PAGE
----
Frances Gabe, inventor of the self-cleaning house, died at 101 on December 26, 2016. Other than a brief mention in her hometown Oregon newspaper The Newberg Graphic, Gabe’s passing went without national notice. Then in mid-July 2017—some seven months later—the New York Times ran an obituary and, suddenly, Gabe’s story was everywhere.
I knew about the self-cleaning house because it’s one of the examples we reference in Spark!Lab with our Now What? game.
The game challenges visitors to think about solving problems using limited resources. For example, you might spin the “Now” spinner on the game and be presented with the challenge “A puppy suddenly appears. You want to catch him but you only have…” A spin of the “What” wheel tells you that you have five cardboard tubes to solve the problem. Now what? How can you use those tubes to remove the puppy from your room? Visitors think creatively, either by themselves or in a group, and are encouraged to share and sketch their invention ideas.
(One of my all-time favorite Spark!Lab stories is about solving this exact Now What? challenge. A mom, dad, and son were working together, and the grown-ups were having a tough time coming up with a solution. Their son, however, was not: “You just tape the tubes together, lure the puppy into the tube, and he walks through them and out of the room.” When mom and dad looked quizzically, their young son—exasperated—said, “The tubes are GIANT!” and showed with his arms how big around the tubes were. A great example of how young people use their imaginations and think creatively in ways that adults often don’t.)
To provide real world context for the Now What? game, we profile several inventors who have solved different kinds of challenges. We show Frank Epperson who invented the popsicle after a drink he left outside overnight froze, and Gauri Nanda who invented Clocky®, an alarm clock that encourages people to get out of bed instead of hitting snooze.
One of the other inventors we highlight is Frances Gabe. Our story about Gabe begins, “You don’t have time to clean your house. Now what?” Naturally, this is a favorite story among visitors, young and old alike (who likes to clean?), and her quote about housecleaning as a “thankless, unending job, a nerve-twangling bore” is instantly relatable. But something I learned about Gabe after her death is that she thought of the self-cleaning house not just as a solution to her own challenges but also for others’. A 1982 article in People magazine quoted Gabe as saying “I want to eliminate all unnecessary motion so that handicapped and elderly people can care for their homes themselves. My system will allow people to do so by pushing a few buttons.” That same article highlighted Gabe’s desire to free women from spending so much time cleaning: “We should be better mothers, wives, neighbors, and spend time improving ourselves instead of saying, ‘I’m sorry, I have to clean the kitchen.’”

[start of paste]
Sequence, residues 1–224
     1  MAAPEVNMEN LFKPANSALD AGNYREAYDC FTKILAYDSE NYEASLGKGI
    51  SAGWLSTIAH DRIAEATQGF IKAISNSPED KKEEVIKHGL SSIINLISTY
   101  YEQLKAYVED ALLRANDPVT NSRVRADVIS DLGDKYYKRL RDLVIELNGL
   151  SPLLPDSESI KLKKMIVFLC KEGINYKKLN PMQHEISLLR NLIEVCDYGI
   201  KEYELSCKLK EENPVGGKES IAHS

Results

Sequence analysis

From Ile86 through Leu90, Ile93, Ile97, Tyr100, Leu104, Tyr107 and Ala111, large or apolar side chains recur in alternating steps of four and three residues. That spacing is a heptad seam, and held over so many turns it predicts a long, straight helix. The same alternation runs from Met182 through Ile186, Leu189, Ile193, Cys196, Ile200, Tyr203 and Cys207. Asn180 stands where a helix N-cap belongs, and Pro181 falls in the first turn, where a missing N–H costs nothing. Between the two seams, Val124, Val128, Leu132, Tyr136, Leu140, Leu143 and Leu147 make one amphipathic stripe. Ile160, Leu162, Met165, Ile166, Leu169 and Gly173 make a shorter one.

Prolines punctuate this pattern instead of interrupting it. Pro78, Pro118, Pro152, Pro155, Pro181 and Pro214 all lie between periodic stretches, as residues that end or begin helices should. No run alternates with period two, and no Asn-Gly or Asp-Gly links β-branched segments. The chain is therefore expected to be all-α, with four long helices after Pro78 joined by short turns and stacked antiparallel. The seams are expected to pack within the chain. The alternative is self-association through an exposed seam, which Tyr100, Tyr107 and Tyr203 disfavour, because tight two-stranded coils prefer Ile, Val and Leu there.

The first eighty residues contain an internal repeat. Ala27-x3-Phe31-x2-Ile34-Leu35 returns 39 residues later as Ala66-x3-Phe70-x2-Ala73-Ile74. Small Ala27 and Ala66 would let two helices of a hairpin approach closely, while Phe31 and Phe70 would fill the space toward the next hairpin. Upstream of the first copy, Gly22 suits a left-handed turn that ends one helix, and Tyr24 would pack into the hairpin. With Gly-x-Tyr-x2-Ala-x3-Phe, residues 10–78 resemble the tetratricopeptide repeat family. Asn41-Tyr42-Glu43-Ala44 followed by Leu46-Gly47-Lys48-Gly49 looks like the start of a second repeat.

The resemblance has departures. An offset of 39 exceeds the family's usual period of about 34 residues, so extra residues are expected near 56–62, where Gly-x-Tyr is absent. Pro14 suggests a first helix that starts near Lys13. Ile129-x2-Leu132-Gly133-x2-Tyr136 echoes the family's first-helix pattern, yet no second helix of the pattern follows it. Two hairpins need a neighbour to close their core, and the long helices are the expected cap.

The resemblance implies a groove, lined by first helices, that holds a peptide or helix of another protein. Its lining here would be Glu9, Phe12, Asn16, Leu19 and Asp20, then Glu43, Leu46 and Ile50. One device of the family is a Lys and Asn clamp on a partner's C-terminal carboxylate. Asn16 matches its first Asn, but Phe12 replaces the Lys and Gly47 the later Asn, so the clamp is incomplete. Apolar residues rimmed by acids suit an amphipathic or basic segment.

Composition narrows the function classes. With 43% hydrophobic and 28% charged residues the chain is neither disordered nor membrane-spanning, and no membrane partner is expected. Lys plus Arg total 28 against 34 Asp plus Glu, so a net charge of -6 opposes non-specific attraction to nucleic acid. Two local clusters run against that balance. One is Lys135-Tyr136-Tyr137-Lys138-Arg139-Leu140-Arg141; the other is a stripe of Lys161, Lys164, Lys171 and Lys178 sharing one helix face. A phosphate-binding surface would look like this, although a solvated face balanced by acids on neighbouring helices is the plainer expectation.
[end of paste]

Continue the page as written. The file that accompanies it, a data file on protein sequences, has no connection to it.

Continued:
Gabe received a patent in 1984 for a “self-cleaning building construction.” The patent describes the invention as “apparatus for applying a fine spray or mist of water and/or water and detergent to wall, floor and ceiling surfaces, followed by warm air drying. Floors slope in a direction for removing excess moisture via a drain.” Gabe’s patent actually included 68 different devices that made up the self-cleaning house, all of which she designed to save time, energy, and space in her Newberg, Oregon home.
In 2003, author Chuck Palahniuk profiled Gabe and her invention in his book Fugitives and Refugees: A Walk in Portland, Oregon. Palahniuk describes the house:
“To clean the house, you just turn on the water to a spinning spray head in the center of each room’s ceiling. You add soap through a stint in the plumbing. The wash and rinse water run down the sloped floor and out through the fireplace. You turn on the heat and blower to dry everything. In the kitchen, open work shelves allow all the water to drain to the floor. A hatch in the wall channels trash down a chute to the garbage can. Clothes are washed and dried as they hang on hangers hooked to a chain that pulls them through each process in a three-part cabinet. The first part is a washing closet, the middle third is a dryer, the last third is the storage closet where the clothes wait, ready to wear."*
Perhaps the best view into Gabe’s home, though, is a 1990 video of the inventor herself walking through it with reporter Carl Click. She describes its different elements and demonstrates how the cleaning devices in her kitchen work (or are supposed to work; there’s a slight malfunction of a pipe fitting, though she easily fixes it).
Gabe worked on the self-cleaning house for more than 20 years, continually inventing, sketching, testing, and tweaking its myriad devices. Several years ago, she sold her home and moved into an assisted living facility. Its new owner removed all of the cleaning devices, though a model that Gabe built of her home still exists and is preserved at the Hagley Museum and Library in Wilmington, Delaware. I’d like to think that a young inventor might see the model and become inspired to pick up where Gabe left off. Not only would it be a wonderful tribute to the inventor, it might also mean that someday I’ll able to turn a knob or flip and switch and—voila!—my house will be clean. A girl can dream, right?
* Chuck Palahniuk. Fugitives & Refugees: A Walk in Portland, Oregon. New York: Crown Journeys, 2003: 30.